Big Data – is there such a thing as privacy?

Locked phone

When the dust settles from the current US party nominations, the debate that is going to dominate huge aspects of this election will be data and where it sits within the boundaries of personal privacy.

While the news cycles were dominated by the Republican and Democratic primaries, the US State Department released 52,000 e-mails from Hilary Clinton’s private server after responding to multiple Freedom of Information requests.

The controversy centres on Clinton’s handling of classified information while serving as the United States Secretary of State and is currently the subject of an FBI investigation, worryingly, it was a case of hacking that first brought the situation to light.

In 2013, a hacker widely distributed classified e-mails sent to the journalist and political aide Sidney Blumenthal from Clinton’s private e-mail address.

Regardless of the outcome of the investigation and inevitable political fallout, the entire situation has served to highlight the precarious nature of data security – the weakest link in any security chain determines the strength of your security.

It is no coincidence that those working in the most secure areas of the Department of Defense and National Security Agency have been forced to surrender their smartphones and seen their communications restricted to traditional, secure telephones.

When the very agencies tasked with uncovering secrets makes sweeping changes to their own personal communications, the rest of us should take note.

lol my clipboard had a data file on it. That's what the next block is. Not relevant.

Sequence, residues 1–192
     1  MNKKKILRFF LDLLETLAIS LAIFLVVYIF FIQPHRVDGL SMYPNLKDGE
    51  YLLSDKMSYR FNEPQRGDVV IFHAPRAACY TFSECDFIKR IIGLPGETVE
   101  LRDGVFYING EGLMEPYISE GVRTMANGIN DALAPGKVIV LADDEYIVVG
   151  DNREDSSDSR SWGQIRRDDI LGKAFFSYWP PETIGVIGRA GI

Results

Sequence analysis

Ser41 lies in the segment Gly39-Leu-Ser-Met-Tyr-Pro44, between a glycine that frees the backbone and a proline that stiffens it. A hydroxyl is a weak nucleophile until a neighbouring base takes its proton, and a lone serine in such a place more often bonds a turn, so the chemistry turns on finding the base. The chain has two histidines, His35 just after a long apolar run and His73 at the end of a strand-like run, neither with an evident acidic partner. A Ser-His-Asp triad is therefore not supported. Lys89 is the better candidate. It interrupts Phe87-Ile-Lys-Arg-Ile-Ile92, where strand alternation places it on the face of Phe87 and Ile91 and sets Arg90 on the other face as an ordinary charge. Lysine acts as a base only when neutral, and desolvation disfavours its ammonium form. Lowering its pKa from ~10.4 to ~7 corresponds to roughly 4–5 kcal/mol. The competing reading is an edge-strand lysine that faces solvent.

Looking for a backdoor

The next data story destined to dominate is the ongoing dispute between Apple and the FBI.

Pressing for Apple to provide decryption for the iPhone handset used by one of the San Bernardino attackers, the FBI has faced a robust rebuttal from the technology giant.

Coming against a backdrop of repeated law enforcement requests for Apple to provide a backdoor into its encryption, it is unsurprising that Apple view this specific request as little more than opportunistic posturing on the part of the FBI.

Such is the wide ranging implications of Apple’s situation that tech rivals Google, Microsoft and Amazon have responded in solidarity with Apple, going as far as stating their intention to prepare an amicus curiae to assist with any resulting court battles.

Undoubtedly, the particular case of the San Bernardino attack was an appalling tragedy that demands a full investigation, however the implications of law enforcement demanding access to personal data should not be decided simply on the severity of the case in question as there is no one time situation when dealing with legal precedent.

Apple, and the rest of the tech giants are well aware that how they act in this case will determine the landscape of data retrieval for the foreseeable future.

While all of this serves to give the impression that iPhone’s and Apple’s encryption is an impenetrable fortress, the reality is quite different.

Firstly, this entire situation was a direct result of law enforcement incompetence and lack of understanding of Apple’s iCloud system.

Embarrassingly, the FBI’s tech department believed that simply requesting a password reset it would grant them access to the data stored within the iPhone.

As most iPhone users could attest to – the exact opposite happens, a complete lock out of the phone.

A very specific set of circumstances led to the lock down of this particular iPhone that does not present a real world representation of the security of iPhones.

Lock your conference call

The good news is that with Buzz Conferencing, it’s easy to make sure you are not overheard.

Our system is totally secure and uses proper telephone lines not VoIP connections so it’s almost impossible to hack.

For added security, simply press #3 and your call will be locked so that nobody else can join and your privacy is guaranteed.